Position Ranking: #4
Strengths: Has an amazing combination of height and athleticism for the position. Very good arm strength and can make the deep out, and deep corner throw. A high release point in his upper body mechanics allows him to maintain good spin on his layered passing; throws a tight ball short, intermediate, and deep. Flashes good accuracy between the numbers on intermediate routes from the pocket. Can make accurate throws off balance and on the move. A dangerous threat to run, has great buildup speed and can glide when he breaks towards the sideline. Impressive balance in space when transitioning on the run for his 6’6 frame. Speed is deceptive and can be misjudged; one missed assignment and Newton goes the distance.
Needs Improvement: Pocket instincts are below adequate. Doesn’t feel the backside defender or show an awareness to the timing of the defensive rush. Lower body mechanics are very raw, won’t stride into most of his throws, keeps feet close together and whips his throws with his shoulder. Accuracy is off/on especially deep when throwing outside the numbers due to poor lower body mechanics. Wasn’t asked to go through coverage reads or a full progressions in a spread option offense at Auburn.
Needs to see an open receiver and has very little anticipation. Field vision is not wide angle despite size and doesn’t seem to see the entire field clearly. Will wait for his primary target to open up and rarely turns his head from left to right.
Most of his accurate throws were a result of wide open coverage windows and plenty of time in the pocket. Can be tackled by much smaller defenders as Newton is not a physical runner and seems to shy away from square contact in space. No more than a handful of snaps were taken from under center in his career and wasn’t asked to settle his feet, look over the coverage, and find an open receiver. Only started 13 games in the NCAA. Legal and academic troubles forced him to transfer from the University of Florida. His father was involved with a pay-for-play agreement for Newton’s services.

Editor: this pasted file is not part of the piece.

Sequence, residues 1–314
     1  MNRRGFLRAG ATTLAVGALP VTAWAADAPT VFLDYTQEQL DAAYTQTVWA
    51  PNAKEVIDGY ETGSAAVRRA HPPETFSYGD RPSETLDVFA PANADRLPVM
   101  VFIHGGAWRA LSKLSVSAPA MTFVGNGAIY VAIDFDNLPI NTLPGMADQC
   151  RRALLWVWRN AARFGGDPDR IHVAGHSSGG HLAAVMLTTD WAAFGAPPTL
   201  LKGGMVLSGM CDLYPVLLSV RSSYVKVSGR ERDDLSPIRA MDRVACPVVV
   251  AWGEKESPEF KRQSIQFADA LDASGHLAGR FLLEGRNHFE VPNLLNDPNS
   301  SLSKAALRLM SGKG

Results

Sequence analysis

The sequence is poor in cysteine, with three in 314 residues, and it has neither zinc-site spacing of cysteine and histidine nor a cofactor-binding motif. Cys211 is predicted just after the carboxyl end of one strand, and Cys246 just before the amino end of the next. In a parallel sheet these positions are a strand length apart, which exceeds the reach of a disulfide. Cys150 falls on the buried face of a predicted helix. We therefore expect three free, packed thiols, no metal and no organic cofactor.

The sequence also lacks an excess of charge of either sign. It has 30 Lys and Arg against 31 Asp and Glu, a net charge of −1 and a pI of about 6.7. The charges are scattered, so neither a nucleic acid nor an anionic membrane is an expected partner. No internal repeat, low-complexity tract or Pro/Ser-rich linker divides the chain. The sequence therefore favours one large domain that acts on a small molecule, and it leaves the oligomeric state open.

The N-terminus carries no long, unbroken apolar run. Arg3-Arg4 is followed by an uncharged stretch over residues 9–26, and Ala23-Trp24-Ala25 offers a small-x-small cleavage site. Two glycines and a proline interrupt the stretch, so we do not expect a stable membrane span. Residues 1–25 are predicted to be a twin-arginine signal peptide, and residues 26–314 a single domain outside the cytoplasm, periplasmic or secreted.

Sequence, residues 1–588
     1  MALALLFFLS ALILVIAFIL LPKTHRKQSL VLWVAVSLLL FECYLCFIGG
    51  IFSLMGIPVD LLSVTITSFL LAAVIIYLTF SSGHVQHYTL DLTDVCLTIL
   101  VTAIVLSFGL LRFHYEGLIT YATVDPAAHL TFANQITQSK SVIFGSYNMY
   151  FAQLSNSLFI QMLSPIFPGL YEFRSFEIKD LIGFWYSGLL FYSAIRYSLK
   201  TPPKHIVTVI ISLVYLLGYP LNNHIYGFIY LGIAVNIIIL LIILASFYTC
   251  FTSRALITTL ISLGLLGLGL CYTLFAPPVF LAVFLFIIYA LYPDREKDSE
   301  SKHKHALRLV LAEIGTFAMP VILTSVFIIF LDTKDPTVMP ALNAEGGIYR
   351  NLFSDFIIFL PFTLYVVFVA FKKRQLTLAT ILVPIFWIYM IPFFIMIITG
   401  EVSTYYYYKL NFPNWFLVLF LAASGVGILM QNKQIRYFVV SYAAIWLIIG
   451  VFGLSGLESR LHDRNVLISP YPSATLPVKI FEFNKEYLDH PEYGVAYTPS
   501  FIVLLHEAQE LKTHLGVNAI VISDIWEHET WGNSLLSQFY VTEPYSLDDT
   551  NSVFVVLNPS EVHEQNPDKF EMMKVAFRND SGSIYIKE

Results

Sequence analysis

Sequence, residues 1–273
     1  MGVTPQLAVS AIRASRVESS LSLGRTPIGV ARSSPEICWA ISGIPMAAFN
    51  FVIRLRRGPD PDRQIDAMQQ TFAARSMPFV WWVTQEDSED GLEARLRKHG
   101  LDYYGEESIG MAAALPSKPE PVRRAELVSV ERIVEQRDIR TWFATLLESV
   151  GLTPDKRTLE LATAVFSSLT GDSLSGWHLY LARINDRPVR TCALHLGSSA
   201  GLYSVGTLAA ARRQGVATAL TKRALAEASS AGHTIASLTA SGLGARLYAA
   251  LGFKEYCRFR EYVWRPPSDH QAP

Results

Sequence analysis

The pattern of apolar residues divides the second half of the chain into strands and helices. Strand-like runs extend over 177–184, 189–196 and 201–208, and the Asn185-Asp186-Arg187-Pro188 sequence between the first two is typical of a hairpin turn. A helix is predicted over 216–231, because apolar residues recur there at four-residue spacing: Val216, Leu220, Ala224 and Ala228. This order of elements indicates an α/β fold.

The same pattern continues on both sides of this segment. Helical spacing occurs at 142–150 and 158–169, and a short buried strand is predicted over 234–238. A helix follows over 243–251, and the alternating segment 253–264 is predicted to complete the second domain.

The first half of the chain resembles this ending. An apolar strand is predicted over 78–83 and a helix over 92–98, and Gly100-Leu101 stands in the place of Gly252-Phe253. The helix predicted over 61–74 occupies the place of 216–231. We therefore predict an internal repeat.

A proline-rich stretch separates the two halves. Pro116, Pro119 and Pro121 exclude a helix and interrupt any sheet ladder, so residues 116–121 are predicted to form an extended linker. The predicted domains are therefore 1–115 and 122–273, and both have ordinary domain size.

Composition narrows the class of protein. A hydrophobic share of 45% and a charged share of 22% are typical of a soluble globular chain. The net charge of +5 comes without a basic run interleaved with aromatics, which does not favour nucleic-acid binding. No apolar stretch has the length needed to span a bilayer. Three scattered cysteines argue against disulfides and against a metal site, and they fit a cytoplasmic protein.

Bottom Line: There is no denying Cam Newton’s immense physical talents. He was the best player in college football this past season and has both the Heisman Trophy and a national championship to show for it. The concerns that teams will have leading up to the draft are obvious on some levels (spread option system, only one full year of experience) but other concerns will show up more clearly during progressive game study. My greatest concern about Newton isn’t the system, or even his character concerns, but his lack of instincts/awareness in the pocket and his pre-snap recognition or rather, his lack of pre-snap recognition. Newton was never asked to read coverage at Auburn, he simply ran the play. Since Newton wasn’t asked to make pre-snap adjustments or even post-snap adjustments in his zone read offense, it makes the mental transition less clear in evaluating him.
Without question Cam has the physical ability be successful and with NFL coaching he’ll be able to improve his lower body mechanics. But with only one full year of experience there is no telling how Newton would perform against teams with a season’s worth of film at their availability and maintain his success at the college level. Because of this I feel that Newton isn’t the prospect Vince Young or Tim Tebow were- two somewhat similar players- as they had a minimum of two full years of experience.
Overall, when evaluating quarterbacks, I’m less concerned with their athletic ability and more concerned with how well they understand coverage, pre and post-snap, as well as their ability to make intuitive and timely throws inside the pocket. These characteristics are not strengths that Newton currently possesses, so my ranking will likely be less high for him than many others. I grade him as a late second round, early third round pick but project him to go sooner.
Draft Projection: Mid 1st to early 2nd round.